Dancing came naturally to Holli as she grew up in suburban Chicago. After all, her mom owned a dance studio. But performing dance moves was painful sometimes. “When I was dancing my lower back would spasm. The stabbing pain would intensify and I would have to stop,” Holli said. The family was unable to get an answer about why she was experiencing the back pain. But following a car accident four years ago Holli’s back pain got worse and it began affecting her sleep. Holli’s mom Lyndi said two years of therapy failed to help the pain.
The family was desperate for answers and reached out to the spine team at Shriners Hospitals for Children — Chicago, where Holli’s brother Casey was already a patient. They took X-rays and revealed the shocking news that Holli had a 25-degree thoracolumbar curve in her spine towards her left side, a condition known as scoliosis. “I was surprised. I owned a dance studio for 30 years. She danced and she wore leotards. There was no indication she had that degree of deviation in her spine,” Lyndi said.
While some patients with scoliosis may require surgery, others may be well served with noninvasive alternative treatments. Shriners Hospitals for Children — Chicago offers a personalized physical therapy treatment called scoliosis-specific exercises or SSE. This approach is based on the work of Katherina and C.L. Schroth – or the Schroth principles. The overall goal is to prevent progression of the curvature, improve postural alignment and reduce pain.
“This treatment is typically initiated for adolescents with scoliosis curves greater than 15 degrees when their referring physicians believe a conservative scoliosis-specific treatment approach is appropriate,” Nicole Viverito, PT DPT, said. Holli’s mom was very open to the SSE treatment. “I was hopeful because it wasn’t simply traditional therapy and because it was here at Shriners Hospital I knew it would be specialized to her needs.”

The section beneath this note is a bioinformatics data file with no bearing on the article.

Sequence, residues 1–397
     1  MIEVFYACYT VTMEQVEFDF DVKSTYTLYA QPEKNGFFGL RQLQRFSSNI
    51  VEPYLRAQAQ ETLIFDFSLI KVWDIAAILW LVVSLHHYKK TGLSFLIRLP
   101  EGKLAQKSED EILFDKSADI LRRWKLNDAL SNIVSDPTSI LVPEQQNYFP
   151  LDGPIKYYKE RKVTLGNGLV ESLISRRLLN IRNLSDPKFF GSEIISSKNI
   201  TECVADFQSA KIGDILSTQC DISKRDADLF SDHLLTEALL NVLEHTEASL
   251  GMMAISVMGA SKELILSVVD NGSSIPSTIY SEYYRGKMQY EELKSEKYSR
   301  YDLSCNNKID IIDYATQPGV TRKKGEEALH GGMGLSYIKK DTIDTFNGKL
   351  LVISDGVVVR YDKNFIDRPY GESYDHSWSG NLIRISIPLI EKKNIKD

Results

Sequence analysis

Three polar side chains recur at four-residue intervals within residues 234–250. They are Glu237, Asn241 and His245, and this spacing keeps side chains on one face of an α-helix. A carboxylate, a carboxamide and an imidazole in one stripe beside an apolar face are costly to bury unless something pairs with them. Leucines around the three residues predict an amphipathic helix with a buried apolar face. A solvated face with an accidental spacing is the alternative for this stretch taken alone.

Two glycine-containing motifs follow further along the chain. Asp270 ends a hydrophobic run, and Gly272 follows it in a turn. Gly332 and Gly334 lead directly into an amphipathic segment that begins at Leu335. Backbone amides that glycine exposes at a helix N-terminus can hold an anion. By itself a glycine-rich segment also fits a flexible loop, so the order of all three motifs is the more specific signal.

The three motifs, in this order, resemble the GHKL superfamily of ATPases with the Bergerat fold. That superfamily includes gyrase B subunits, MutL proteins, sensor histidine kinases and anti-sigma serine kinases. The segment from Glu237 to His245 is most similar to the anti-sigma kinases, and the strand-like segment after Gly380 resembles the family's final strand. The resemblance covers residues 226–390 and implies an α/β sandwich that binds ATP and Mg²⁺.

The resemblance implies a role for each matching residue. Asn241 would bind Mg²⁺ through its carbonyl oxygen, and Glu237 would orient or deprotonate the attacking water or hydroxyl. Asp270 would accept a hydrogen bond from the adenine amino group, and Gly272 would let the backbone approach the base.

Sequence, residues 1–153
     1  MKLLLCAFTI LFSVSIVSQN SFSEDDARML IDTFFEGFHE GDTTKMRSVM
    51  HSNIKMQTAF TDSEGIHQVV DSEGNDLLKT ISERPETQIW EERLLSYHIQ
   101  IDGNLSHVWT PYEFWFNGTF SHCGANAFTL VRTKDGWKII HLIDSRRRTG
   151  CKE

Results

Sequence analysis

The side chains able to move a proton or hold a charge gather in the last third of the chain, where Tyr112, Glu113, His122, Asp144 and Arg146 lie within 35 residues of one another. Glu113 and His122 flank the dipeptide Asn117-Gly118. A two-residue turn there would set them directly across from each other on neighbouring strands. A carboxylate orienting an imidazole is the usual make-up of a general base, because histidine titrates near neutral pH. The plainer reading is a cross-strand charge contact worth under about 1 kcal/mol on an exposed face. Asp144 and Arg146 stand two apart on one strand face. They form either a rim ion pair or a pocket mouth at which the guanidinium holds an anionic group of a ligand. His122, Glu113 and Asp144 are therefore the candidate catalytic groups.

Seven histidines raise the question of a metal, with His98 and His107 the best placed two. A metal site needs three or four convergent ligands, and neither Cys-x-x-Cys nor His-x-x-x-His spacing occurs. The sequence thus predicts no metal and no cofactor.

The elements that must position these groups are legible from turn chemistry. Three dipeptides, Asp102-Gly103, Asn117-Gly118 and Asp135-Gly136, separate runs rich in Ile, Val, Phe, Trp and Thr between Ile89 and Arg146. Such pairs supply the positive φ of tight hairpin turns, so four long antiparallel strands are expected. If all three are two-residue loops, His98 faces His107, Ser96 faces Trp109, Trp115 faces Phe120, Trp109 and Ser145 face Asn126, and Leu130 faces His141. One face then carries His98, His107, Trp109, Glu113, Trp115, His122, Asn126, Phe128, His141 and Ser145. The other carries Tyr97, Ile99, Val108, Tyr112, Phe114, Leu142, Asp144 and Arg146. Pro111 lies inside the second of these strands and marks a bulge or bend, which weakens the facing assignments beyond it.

Holli joined the intensive outpatient SSE program where the patient comes for one week and receives twice daily, one-hour physical therapy sessions for SSE. There are also home exercises participants are required to complete daily. “It’s like a different vocabulary. Having Nicole say ‘You feel this muscle group? Expand this muscle group.’ The vocabulary used here in SSE helps you understand what it means and what they are asking. I can visualize expanding that area.”
Therapy is customized for each patient. “With SSE it depends on the patient’s curve and presentation. We use different props such as yoga blocks and wedges to position them more symmetrical. Patients use their muscles and breathing to hold themselves in that more optimal alignment,” Viverito said.
Before SSE, doing any type of movement using her back muscles was painful for Holli. She also experienced pins and needles in her left leg, and sometimes felt a pop when pushing herself off her stomach which caused her to lose her breath. All of these issues went away with the SSE therapy program. After only a few weeks of SSE, her back pain resolved; and after 12 weeks she showed significant improvement in her posture. “Schroth-type exercise is awesome and definitely works. I believe this even more after seeing my X-rays,” Holli said. Her curve went from 25 degrees to 20 degrees. “You can see the slight change in the curve but also you really see the shift of her hips, how her shoulders sit on top of her hips and a change in her neck,” Lyndi said.
The results of SSE and the experience at Shriners Hospitals for Children exceeded the family’s expectations. “I didn’t think SSE would improve her scoliosis symptoms as much as it did. I was hoping for some pain relief. But it’s really changed her life,” Lyndi said.
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